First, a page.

From Publishers Weekly
Starred Review. War, love and culture shock take various forms, but the size of the world, in Silber's magnificent fiction, is often no larger than the distance to the person in bed beside you. Like NBA finalist Ideas of Heaven
(2005), Silber's sixth work of fiction consists of interlinked stories where minor or passing characters in one piece become the narrators of others, roaming from WWII Sicily to roaring '20s Siam, and from Vietnam-era Mexico to 9/11-era Bloomington, Ind. All six stories turn on the tensions between home, exile and otherness, but to follow any of the threads would be to give away the subtle connections among the characters, from a male Sicilian-American postcolonialist professor from Hoboken to a Florida woman named Kit who can sum up an old boyfriend as the sort of boy who seemed startled when having sex. At the time his awe and confusion were endearing. The frankness of Silber's characters is deliciously at odds with the delicacy of their observations as they absorb children, affairs, fractured and repaired families and early death in environments familiar and alien to them. The characters' many lifetimes pass with a page-turning effortlessness that belies their intense, moving depths. (June)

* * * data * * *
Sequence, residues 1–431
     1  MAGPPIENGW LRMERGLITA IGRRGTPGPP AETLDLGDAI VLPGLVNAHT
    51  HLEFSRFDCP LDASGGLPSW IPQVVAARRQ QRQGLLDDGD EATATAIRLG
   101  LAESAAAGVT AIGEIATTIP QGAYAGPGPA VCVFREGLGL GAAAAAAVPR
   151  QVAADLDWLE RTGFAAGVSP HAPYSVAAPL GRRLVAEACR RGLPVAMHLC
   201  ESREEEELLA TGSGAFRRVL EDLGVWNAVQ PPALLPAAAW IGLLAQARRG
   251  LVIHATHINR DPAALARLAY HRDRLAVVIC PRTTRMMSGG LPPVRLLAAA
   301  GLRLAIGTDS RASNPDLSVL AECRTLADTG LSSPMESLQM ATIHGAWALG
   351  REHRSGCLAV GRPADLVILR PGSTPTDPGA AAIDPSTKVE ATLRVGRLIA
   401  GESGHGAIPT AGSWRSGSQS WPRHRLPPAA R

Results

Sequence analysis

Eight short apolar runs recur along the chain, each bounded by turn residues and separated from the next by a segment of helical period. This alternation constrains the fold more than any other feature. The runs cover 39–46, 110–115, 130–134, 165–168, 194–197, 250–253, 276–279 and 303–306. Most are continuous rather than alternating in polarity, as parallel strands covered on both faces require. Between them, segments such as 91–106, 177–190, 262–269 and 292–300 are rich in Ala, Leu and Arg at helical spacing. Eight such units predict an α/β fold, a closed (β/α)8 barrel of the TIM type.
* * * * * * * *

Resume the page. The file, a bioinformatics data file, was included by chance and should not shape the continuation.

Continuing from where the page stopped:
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“Silber allows readers to see life as intimately knowable yet essentially mysterious.” (Howard Norman - Washington Post)
“Starred Review. In Silber’s magnificent fiction . . . the characters’ lifetimes pass with a page-turning effortlessness that belies their intense, moving depths.” (Publishers Weekly)